The old line on Holocaust dramas was that no film, regardless of how serious, could ever truly capture the horror. These days, you would have to look far and wide to find a Holocaust movie that even tries to capture the full, unimaginable horror. The subject may be survivor's guilt gone mad (Adam Resurrected), a mission impossible to assassinate Hitler (Valkyrie), or a death camp guard's Summer of '42 of sexiness and secret shame (The Reader), but in this season of grimly hooky Third Reich parables, it's hard to shake the feeling that the Holocaust has turned from the ultimate furrowed-brow movie theme into a genre, with its own built-in flowers-of-evil mystique. Rarely has genocide been put to the service of so much unabashed...entertainment.
Remember that scene in Knocked Up where Seth Rogen's Ben said that he dug Munich because he finally got to see a film in which the Jews kicked ass? He would have loved Defiance even more. In this true story of a WWII siege met with courage under fire, director Edward Zwick drops us into the Lipicza´nska Forest in Belorussia in 1941, just after the Nazis have invaded. Daniel Craig, with his craggy squint of pain, and Liev Schreiber, all stocky, bottled rage, are Tuvia and Zus Bielski, who decide to save themselves with an innovative strategy: They fight back. The two have never killed anyone, but when Craig's Tuvia busts into the home of the officer who murdered his parents, what should have been a Michael Corleone-finds-his-inner-thug moment turns into something a bit more Hollywood, as he blows the guy away and his two sons, to boot without a tremor of doubt or anxiety. The film has barely begun, and Tuvia already looks like he's been doing this his whole life.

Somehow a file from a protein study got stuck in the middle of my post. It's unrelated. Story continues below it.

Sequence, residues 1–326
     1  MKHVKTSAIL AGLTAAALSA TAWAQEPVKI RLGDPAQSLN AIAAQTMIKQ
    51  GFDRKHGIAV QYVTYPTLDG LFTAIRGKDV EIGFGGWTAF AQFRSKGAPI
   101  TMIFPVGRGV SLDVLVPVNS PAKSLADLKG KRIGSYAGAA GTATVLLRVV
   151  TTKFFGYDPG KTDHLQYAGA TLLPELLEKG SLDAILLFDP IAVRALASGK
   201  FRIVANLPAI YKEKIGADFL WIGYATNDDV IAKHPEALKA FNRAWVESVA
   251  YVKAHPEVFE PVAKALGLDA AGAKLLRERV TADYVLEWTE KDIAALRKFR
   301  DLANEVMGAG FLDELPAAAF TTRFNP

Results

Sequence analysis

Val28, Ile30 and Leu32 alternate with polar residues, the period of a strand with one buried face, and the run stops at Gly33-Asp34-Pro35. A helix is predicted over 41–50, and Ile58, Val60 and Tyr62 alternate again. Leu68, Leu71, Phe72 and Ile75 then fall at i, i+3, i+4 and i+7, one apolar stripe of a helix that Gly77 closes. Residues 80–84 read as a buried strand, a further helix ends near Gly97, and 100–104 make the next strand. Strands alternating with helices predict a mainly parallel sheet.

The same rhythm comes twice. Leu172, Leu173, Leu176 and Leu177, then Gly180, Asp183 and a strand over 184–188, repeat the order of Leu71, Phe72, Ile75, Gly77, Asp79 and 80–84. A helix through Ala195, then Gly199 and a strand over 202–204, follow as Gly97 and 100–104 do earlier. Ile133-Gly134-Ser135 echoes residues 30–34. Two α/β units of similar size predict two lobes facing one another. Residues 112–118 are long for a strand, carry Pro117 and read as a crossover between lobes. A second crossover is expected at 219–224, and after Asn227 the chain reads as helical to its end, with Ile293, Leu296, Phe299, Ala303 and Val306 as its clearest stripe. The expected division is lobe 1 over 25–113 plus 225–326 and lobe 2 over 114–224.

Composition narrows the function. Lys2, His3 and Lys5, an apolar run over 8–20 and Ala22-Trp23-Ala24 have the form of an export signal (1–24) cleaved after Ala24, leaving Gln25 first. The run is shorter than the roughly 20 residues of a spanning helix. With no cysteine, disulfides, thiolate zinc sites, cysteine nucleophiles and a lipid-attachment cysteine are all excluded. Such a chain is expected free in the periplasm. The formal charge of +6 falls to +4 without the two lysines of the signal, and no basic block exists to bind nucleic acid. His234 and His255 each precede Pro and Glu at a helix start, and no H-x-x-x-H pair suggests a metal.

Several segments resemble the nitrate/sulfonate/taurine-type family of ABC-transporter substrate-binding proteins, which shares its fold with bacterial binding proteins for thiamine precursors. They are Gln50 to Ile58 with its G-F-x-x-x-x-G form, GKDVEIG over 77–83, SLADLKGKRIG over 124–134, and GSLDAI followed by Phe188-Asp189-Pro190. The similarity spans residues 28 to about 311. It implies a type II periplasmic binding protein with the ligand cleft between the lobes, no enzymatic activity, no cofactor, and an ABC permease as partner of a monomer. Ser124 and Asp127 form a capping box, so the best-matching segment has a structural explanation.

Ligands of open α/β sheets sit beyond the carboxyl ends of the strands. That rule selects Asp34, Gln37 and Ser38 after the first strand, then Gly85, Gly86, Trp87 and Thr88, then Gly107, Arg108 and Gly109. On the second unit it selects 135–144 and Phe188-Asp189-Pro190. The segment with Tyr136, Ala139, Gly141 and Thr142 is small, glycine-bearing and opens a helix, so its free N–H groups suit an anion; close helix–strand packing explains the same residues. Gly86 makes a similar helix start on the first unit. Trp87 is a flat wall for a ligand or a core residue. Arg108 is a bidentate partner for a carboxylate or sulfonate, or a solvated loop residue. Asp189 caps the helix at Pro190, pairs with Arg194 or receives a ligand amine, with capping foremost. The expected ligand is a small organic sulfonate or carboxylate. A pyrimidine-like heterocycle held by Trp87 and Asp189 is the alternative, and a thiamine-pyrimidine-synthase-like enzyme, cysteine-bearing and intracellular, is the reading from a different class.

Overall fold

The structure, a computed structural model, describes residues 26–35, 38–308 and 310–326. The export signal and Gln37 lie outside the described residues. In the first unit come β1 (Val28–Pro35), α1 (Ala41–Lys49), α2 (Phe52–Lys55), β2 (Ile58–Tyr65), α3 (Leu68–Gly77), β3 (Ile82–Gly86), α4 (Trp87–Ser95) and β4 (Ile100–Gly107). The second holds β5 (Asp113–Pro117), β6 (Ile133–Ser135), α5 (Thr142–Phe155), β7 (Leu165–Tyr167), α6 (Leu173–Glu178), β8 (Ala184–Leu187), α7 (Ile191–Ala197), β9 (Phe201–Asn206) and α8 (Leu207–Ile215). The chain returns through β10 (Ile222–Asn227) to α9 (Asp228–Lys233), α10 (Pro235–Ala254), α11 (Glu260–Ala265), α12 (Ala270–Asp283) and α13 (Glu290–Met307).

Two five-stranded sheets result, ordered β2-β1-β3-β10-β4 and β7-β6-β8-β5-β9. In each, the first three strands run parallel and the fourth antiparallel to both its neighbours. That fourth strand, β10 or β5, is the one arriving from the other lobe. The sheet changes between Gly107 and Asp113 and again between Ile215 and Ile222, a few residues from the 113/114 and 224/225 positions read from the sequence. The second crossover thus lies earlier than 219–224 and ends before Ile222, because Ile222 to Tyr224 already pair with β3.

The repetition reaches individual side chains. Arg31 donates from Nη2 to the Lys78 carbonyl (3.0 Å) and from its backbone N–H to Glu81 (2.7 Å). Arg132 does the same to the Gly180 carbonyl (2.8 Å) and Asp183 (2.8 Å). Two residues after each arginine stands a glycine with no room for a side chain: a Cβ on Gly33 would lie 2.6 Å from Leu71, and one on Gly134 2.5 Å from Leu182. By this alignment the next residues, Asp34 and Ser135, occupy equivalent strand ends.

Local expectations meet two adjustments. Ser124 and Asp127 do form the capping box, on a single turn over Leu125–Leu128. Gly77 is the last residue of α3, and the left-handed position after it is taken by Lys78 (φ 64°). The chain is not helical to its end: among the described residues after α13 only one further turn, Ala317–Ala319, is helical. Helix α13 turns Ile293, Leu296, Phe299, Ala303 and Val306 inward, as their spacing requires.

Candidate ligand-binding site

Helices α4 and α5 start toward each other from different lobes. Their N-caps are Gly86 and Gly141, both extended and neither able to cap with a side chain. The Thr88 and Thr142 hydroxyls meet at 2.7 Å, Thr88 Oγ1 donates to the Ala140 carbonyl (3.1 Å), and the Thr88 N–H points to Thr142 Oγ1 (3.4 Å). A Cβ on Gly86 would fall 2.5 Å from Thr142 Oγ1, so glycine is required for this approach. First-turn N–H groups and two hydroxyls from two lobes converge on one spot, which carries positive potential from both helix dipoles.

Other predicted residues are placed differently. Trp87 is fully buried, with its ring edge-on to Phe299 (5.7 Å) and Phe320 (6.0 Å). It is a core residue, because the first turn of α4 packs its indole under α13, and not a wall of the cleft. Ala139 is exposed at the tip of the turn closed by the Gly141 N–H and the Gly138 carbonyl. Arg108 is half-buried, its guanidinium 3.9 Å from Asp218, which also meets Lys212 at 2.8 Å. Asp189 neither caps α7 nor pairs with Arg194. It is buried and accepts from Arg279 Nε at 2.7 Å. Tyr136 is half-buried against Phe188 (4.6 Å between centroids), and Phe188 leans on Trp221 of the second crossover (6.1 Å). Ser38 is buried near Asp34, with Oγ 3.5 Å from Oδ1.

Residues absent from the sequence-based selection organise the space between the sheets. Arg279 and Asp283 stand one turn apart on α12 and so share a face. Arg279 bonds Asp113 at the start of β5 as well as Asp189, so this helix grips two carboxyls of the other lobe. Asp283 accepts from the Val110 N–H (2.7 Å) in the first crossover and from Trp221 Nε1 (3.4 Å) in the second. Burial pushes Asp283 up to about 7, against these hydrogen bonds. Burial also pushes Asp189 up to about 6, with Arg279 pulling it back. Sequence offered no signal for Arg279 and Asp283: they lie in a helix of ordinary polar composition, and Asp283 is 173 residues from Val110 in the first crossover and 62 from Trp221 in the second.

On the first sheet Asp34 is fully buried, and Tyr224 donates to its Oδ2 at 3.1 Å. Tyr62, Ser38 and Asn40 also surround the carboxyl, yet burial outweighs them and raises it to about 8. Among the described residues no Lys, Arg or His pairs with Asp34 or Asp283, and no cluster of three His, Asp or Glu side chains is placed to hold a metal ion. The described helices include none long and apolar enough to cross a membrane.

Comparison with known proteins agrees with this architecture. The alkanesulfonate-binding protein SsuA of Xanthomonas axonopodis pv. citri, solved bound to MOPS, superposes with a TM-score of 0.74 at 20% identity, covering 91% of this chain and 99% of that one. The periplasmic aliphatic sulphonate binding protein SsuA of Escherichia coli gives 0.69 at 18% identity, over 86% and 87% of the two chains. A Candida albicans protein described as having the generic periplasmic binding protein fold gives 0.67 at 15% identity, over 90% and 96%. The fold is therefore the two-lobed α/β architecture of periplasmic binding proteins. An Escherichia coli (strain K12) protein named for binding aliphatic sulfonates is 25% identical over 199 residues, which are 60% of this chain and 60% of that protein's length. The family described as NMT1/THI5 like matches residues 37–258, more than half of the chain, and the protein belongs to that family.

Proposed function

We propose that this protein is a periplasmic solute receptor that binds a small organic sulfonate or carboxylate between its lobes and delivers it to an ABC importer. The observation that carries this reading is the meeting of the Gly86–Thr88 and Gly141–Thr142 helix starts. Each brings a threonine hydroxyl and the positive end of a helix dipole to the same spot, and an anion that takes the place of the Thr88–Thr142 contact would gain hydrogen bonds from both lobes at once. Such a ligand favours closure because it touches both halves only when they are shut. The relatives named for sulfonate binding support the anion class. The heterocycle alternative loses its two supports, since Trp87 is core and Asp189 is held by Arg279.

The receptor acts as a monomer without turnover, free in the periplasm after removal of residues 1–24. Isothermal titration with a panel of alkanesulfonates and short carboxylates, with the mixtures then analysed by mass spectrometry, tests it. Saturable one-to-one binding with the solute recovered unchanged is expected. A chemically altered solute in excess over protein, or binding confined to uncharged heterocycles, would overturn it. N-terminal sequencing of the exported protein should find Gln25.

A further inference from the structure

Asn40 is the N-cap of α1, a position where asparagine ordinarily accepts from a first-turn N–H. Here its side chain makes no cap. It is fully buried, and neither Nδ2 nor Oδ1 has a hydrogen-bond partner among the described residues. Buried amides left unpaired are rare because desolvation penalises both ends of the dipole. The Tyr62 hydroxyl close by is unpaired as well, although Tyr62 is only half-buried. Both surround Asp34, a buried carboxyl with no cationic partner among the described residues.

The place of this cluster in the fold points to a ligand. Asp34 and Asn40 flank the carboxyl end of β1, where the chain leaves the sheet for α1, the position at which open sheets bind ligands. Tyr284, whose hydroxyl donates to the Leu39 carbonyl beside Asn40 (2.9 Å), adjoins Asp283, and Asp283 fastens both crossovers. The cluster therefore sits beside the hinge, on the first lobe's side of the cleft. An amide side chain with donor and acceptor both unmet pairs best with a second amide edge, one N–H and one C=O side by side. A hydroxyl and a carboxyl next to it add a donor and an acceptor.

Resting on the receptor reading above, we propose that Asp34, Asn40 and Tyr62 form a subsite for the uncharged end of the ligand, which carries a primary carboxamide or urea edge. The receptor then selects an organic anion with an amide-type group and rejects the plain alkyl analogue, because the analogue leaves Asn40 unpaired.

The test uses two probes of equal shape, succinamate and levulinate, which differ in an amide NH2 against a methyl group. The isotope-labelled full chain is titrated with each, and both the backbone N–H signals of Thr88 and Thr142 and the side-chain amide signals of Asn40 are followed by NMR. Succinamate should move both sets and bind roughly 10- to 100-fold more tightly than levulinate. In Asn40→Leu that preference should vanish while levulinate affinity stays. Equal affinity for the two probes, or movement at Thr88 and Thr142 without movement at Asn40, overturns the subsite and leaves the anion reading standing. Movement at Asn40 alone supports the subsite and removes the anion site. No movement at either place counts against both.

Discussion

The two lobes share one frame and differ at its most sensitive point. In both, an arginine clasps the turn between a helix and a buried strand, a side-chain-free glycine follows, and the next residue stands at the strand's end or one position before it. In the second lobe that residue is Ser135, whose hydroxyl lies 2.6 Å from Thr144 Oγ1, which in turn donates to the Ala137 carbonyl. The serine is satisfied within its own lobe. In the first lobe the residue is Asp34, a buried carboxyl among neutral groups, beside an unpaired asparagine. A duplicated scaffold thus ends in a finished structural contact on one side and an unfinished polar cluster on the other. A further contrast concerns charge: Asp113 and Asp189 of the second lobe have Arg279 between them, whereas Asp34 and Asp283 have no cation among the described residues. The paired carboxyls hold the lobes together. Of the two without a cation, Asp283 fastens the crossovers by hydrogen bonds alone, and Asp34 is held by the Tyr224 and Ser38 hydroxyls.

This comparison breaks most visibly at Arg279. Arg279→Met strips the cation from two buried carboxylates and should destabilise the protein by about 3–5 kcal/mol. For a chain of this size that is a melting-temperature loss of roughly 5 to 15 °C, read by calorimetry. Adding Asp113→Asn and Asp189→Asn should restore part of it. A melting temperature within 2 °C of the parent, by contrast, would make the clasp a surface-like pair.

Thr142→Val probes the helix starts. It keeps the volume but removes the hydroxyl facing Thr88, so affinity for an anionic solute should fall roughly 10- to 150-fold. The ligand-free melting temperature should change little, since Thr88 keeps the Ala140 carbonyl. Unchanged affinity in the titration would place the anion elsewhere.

In the woods, the Bielski brothers offer protective cover to local Jews, and their roving camp becomes a scruffy exodus, growing in numbers each day. Tuvia, leading them to the promised land of safety, is meant to be Moses in a brown leather jacket but really, he's more like Oskar Schindler and Charles Bronson in one grimly compassionate, fearless, Nazi-blasting package. Zwick offers excitingly staged moments, but once you get past the novelty of WWII Jews acting this heroically macho, Defiance bogs down in a not very well-developed script. It's a repetitive stop-and-start action film, and Tuvia and Zus don't have enough layers. But they do kick ass charismatically.
As a professor drafted into the Nazi Party (despite his liberal ideals), Viggo Mortensen, in the tiny but worthy Good, does what may be his most fascinating acting. He reveals the soul of an intellectual who's enlightened to everything but where the lust for absolute power leads. Good has a stagy fustiness, but it's worth seeing for Mortensen, who makes this study of a "good German" look creepily contemporary. He shows us the horror of ignorance. B